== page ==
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Better Today: Using Emotional Intelligence to Conquer Procrastination

On Friday afternoon, you take some time to reflect on how your week has gone. At the beginning of the week, on Monday, you felt energized and believed that you would achieve your goals. You thought that you would finally be able to finish everything that had been pending for weeks. However, as the week progressed, you realized that unfinished commitments were piling up. This created a mountain of tasks that seemed almost impossible to reach the summit of. You repeatedly postponed tasks and left their completion until the last minute, which has once again taken a toll on you. You now feel incompetent and stressed.

Procrastination is a common occurrence that affects people regardless of the type of tasks or the effort required to complete them. I am sure many readers can relate to this experience. To explain procrastination and find strategies to prevent it, several factors that cause it must be considered. These include a lack of motivation, difficulty managing time, fear of failure, or a lack of ability to regulate emotions. In this article, we will focus on the last one and review how emotional intelligence competencies can help us prevent this obstacle.

To effectively prevent procrastination, it's important to pay attention to our thoughts, emotions, and behaviors that contribute to it. We need to recognize the patterns that lead to this habit and understand the possible causes behind it. This is where self-awareness comes into play. By asking ourselves what thoughts are associated with our procrastination behavior, what emotions we feel in those moments, and what other related behaviors emerge, we can intervene before falling into the trap of procrastination.

Once we identify the factors that make us procrastinate, the next step is to use self-regulation, which means managing our emotions and taking actions that promote our well-being. Our primary objective is to remain focused on the tasks at hand. To achieve this, we can adopt strategies like breaking down long tasks into smaller, more achievable ones, taking short breaks between timed work sessions, and prioritizing tasks. It is also necessary to address any possible negative emotions associated with procrastination, such as fear of failure or anxiety, through relaxation techniques.

Of course, intrinsic motivation plays a fundamental role in combating procrastination effectively. When we do something that doesn't align with our personal values and goals, we are more likely to put off tasks. Therefore, it's essential to align the tasks we need to complete with what motivates us to move forward. It's also helpful to identify and focus on the most rewarding aspects of a specific task and visualize the accomplishments associated with its completion. Additionally, allowing oneself a degree of control and autonomy when working is crucial. We should be able to choose how to approach a problem that needs to be solved.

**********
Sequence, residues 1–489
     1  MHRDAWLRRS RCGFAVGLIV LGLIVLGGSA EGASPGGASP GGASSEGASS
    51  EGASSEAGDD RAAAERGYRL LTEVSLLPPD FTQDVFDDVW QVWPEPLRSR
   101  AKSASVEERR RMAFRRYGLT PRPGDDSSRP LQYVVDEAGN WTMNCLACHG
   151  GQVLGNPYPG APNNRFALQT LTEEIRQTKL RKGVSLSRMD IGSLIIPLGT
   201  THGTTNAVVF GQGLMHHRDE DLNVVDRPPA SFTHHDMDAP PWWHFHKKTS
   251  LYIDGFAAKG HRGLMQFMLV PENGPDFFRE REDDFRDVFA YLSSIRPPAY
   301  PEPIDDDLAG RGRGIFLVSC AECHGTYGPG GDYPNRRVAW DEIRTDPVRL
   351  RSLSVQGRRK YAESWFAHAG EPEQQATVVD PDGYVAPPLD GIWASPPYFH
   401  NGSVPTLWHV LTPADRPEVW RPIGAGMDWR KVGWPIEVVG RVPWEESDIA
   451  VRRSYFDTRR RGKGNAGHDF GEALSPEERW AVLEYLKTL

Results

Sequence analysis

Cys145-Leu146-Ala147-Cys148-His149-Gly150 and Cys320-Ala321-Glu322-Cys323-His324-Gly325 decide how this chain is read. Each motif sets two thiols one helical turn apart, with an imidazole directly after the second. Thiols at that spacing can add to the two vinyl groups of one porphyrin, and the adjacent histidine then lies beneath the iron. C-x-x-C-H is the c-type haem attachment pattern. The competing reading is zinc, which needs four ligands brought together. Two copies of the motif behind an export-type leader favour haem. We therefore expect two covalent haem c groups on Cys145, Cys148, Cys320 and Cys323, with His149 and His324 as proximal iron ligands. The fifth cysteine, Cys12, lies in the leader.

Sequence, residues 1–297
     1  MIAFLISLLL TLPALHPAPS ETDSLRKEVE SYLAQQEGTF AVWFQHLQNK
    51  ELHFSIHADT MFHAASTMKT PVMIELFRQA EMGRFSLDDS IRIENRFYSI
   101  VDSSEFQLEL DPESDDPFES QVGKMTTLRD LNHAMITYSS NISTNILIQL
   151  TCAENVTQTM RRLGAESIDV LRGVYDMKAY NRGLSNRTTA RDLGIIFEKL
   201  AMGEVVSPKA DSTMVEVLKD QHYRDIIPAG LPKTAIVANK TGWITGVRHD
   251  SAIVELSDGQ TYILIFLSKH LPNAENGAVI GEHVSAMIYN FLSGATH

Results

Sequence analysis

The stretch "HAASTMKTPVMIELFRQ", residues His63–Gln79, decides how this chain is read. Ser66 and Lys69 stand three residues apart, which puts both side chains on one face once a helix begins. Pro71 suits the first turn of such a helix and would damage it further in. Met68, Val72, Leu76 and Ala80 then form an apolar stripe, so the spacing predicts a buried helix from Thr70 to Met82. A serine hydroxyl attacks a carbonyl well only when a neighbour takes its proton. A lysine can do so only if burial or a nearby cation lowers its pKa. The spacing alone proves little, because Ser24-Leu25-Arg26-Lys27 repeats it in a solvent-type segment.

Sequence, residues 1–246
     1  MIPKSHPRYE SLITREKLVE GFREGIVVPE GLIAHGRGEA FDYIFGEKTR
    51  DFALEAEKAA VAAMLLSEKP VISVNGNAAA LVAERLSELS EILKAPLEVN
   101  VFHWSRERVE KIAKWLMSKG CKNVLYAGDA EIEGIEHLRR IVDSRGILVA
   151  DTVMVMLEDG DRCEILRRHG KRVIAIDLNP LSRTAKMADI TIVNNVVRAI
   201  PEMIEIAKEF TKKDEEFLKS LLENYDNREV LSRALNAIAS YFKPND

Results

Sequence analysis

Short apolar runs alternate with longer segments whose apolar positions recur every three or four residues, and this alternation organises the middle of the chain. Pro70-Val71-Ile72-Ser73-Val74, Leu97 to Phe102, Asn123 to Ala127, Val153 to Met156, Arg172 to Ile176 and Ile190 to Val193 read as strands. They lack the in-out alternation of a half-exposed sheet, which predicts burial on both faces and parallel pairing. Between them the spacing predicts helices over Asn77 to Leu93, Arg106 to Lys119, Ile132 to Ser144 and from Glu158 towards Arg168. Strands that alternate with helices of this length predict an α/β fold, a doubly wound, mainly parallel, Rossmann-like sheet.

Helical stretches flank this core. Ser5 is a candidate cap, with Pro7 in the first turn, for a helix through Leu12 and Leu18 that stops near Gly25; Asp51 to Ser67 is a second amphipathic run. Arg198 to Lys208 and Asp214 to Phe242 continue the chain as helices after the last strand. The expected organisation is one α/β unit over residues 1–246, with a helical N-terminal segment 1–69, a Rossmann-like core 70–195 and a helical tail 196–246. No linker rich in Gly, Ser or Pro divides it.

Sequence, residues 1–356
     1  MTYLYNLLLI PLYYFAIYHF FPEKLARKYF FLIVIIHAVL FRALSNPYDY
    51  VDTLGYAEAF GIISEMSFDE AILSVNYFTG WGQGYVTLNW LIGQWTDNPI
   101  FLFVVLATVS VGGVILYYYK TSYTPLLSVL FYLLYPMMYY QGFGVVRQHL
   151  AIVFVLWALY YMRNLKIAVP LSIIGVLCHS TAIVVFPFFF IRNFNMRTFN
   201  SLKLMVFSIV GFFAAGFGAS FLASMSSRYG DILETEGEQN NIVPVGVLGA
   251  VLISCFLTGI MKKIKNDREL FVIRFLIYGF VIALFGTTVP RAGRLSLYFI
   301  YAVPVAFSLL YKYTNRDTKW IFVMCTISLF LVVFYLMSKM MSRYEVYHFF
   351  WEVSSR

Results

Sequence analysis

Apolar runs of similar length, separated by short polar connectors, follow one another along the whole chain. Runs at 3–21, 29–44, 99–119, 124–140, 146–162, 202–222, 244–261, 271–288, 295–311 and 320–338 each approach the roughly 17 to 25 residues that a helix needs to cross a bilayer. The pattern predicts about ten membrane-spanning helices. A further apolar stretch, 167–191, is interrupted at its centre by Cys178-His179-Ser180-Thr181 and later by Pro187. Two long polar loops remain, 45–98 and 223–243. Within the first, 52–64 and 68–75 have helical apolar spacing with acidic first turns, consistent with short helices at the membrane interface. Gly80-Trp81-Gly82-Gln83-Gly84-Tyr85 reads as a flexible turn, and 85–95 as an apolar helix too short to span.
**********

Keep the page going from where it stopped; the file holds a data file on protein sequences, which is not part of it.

And how can empathy help to reduce procrastination? On one hand, we can apply empathy towards ourselves by practicing self-compassion. Instead of punishing ourselves and feeling guilty for procrastinating, we should treat ourselves with kindness and understanding, recognizing the challenges we face. This will help to reduce potential anxiety related to tasks and help us perceive them in a more positive light. On the other hand, when we understand and acknowledge the impact our responsibilities have on others and comprehend how they feel when we don't meet our commitments, it can motivate us to complete our work more efficiently.

Finally, our social skills also have a crucial role in managing procrastination. When working in a group, fostering a sense of shared responsibility helps motivate us to meet deadlines. The feedback and support we receive from our colleagues enhance this motivation. In addition, assertive communication is powerful and allows us to express our priorities and obligations clearly to friends and family, which facilitates their understanding.

As we see, emotional intelligence can help us overcome procrastination and achieve our goals effectively. Each of these emotional competencies has specific strategies that can be incorporated into our daily routine to improve both our personal and professional lives. By doing so, we can enhance our effectiveness at work and improve our overall well-being.

If you're interested in learning more about procrastination and its connection with emotional intelligence, you can check out the following resources:

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